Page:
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The Last Days of Mankind

Karl Kraus—


The Final Night

Battlefield. Craters. Smoke clouds. Starless night. The horizon is a wall of flames.

Corpses. Dying soldiers. Men and women in gas masks appear.

A DYING SOLDIER (crying out)

Captain, call out the firing squad!
No one can make me shed my blood
for King and Country. Go ahead, shoot!
Once I’m dead, you can’t make me salute!

When I’m up there with the Lord on High,
Kings and Emperors I’ll defy
and scorn their Orders of the Day!
Where is my home? Is my son at play?

While in the arms of our Lord I sleep,
a letter scribbled on paper cheap
will be read by a woman who starts to weep,
aware of a love so deep, so deep!

Captain, you must have lost your mind,
you’ve sent me to face a dreadful end
and turned my heart to a firebrand.
I’ll not fight for any Fatherland!

What you’ve destroyed with your iron rod
are the bonds that kept me from my God.
It’s Death that should face the firing squad!
Not for no Kaiser I’ll shed my blood!

FEMALE GAS MASK (approaches)

This man, I guess, has died at God’s behest,
but on this battlefield there is no rest,
for duty calls us all in this momentous age,
both men and women dressed for some mad masquerade.
Blood, sweat, and toil and tears all claim an equal right,
seeking new honours when both genders fight.

MALE GAS MASK (prepares to join her)

If only your face
got accustomed to mine,
we then might embrace,
for your mask is so fine.

But no features are shown
when such horrors appal.
We must stay unknown
and obey duty’s call.

While we shoulder our rifle,
we dread a reprisal
from fumes that could stifle
our will for survival.

But while flames fill the air
we still feel hale and hearty,
so let’s form a pair
and be off to the party.

Distant gunfire.


Distinguishing features
we have to surrender,
for we’re merely creatures
without face or gender.

Our life is a fight
between spectres and drones,
so we revel at night
to the sound of trombones.

BOTH (arm in arm)

Distinguishing features
we have to surrender,
for we’re merely creatures
without face or gender.

(They vanish.)

(Two generals, fleeing in a motorcar.)

GENERAL (Speech-song)

Our transport can’t save us,
the earth’s full of shell holes,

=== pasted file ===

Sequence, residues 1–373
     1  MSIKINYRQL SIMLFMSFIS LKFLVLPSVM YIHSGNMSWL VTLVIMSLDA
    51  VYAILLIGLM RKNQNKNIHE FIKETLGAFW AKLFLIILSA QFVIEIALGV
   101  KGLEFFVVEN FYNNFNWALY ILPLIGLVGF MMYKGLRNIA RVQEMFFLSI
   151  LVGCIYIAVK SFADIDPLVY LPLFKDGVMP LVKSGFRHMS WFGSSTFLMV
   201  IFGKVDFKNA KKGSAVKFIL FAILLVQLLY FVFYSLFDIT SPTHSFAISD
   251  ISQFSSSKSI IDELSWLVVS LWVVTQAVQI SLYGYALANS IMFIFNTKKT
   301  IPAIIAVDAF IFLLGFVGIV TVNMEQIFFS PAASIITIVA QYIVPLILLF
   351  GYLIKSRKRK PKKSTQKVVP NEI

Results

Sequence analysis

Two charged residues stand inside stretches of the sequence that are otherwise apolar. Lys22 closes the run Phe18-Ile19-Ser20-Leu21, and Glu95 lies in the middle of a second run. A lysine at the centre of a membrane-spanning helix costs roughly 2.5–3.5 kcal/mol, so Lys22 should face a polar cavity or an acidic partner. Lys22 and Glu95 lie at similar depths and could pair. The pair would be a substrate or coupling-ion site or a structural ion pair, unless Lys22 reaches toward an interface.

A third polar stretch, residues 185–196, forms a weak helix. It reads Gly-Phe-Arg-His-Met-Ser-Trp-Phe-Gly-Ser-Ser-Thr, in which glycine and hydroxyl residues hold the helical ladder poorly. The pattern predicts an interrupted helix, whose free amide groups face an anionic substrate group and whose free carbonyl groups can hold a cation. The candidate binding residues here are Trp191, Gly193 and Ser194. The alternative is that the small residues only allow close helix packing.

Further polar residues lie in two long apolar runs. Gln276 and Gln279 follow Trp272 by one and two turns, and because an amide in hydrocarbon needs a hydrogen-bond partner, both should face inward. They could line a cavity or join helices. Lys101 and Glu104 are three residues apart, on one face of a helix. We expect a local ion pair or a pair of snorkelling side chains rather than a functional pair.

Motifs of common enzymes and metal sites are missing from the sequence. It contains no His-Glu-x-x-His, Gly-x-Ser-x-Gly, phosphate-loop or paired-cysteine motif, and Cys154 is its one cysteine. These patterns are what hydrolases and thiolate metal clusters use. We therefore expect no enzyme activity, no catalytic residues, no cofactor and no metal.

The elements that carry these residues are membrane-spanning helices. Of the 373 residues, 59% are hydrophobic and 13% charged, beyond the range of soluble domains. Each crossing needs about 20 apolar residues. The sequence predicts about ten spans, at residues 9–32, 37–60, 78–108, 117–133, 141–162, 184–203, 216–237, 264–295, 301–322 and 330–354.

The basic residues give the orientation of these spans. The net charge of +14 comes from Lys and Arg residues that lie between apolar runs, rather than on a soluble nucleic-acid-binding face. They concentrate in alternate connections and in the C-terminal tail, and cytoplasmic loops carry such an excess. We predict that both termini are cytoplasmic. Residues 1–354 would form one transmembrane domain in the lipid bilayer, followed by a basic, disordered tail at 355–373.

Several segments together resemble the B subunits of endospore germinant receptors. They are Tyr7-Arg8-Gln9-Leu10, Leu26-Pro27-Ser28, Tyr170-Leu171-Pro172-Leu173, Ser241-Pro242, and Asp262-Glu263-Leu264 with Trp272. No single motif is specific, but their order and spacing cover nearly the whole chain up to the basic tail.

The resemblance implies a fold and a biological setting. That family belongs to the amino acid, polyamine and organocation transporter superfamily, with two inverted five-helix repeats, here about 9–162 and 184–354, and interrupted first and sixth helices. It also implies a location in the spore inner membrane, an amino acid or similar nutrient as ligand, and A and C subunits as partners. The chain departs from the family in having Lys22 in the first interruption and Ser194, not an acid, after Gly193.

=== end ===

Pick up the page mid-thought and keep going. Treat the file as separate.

barbed wire, and barriers
plus deeper hell holes.

The fortunes of war
mean we’re facing defeat.
So we’ve begun our
strategic retreat.

Men of our years
soon run out of breath,
and nightmarish fears
scare us to death.

The troops give no quarter
while we do a bunk.
Drive on through the slaughter,
or else we are sunk!

There’s a corpse dead as mutton
and a man moans he’s hurt.
Goddammit, a button
has come off his shirt!

I’m such a stickler,
this makes me see red.
“Sew it on quick, there!
Else you are dead!”

Don’t dare make me frown,
or I’ll blow a fuse,
won’t take things lying down!
The war’s no excuse!

“Stand to attention!
Report to the Sarge!
Even if deaf and dumb,
you’re on a charge!”

It’s a scandal, such squaddies
mean all hope is lost!
Drive over the bodies
and don’t count the cost!

The generals drive off. Dawn is breaking.

From The Last Days of Mankind: The Complete Text by Karl Kraus, translated by Fred Bridgham and Edward Timms. Published by Yale University Press in 2023. Reproduced with permission.

The Austrian Jewish author Karl Kraus (1874–1936) was the foremost German-language satirist of the twentieth century. As editor of the journal Die Fackel (The Torch) he conducted a sustained critique of propaganda and the press, expressed through polemical essays, witty aphorisms, and resonant poems. Edward Timms, founding director of the University of Sussex Centre for German-Jewish Studies, is best known for his two-volume study Karl Kraus—Apocalyptic Satirist. The title of his memoirs, Taking Up the Torch, reflects his long-standing interest in Kraus’s journal. Fred Bridgham is the author of wide-ranging studies in German literature, history, and the history of ideas. His translations of lieder and opera include Hans Werner Henze’s The Prince of Homburg for performance by English National Opera.

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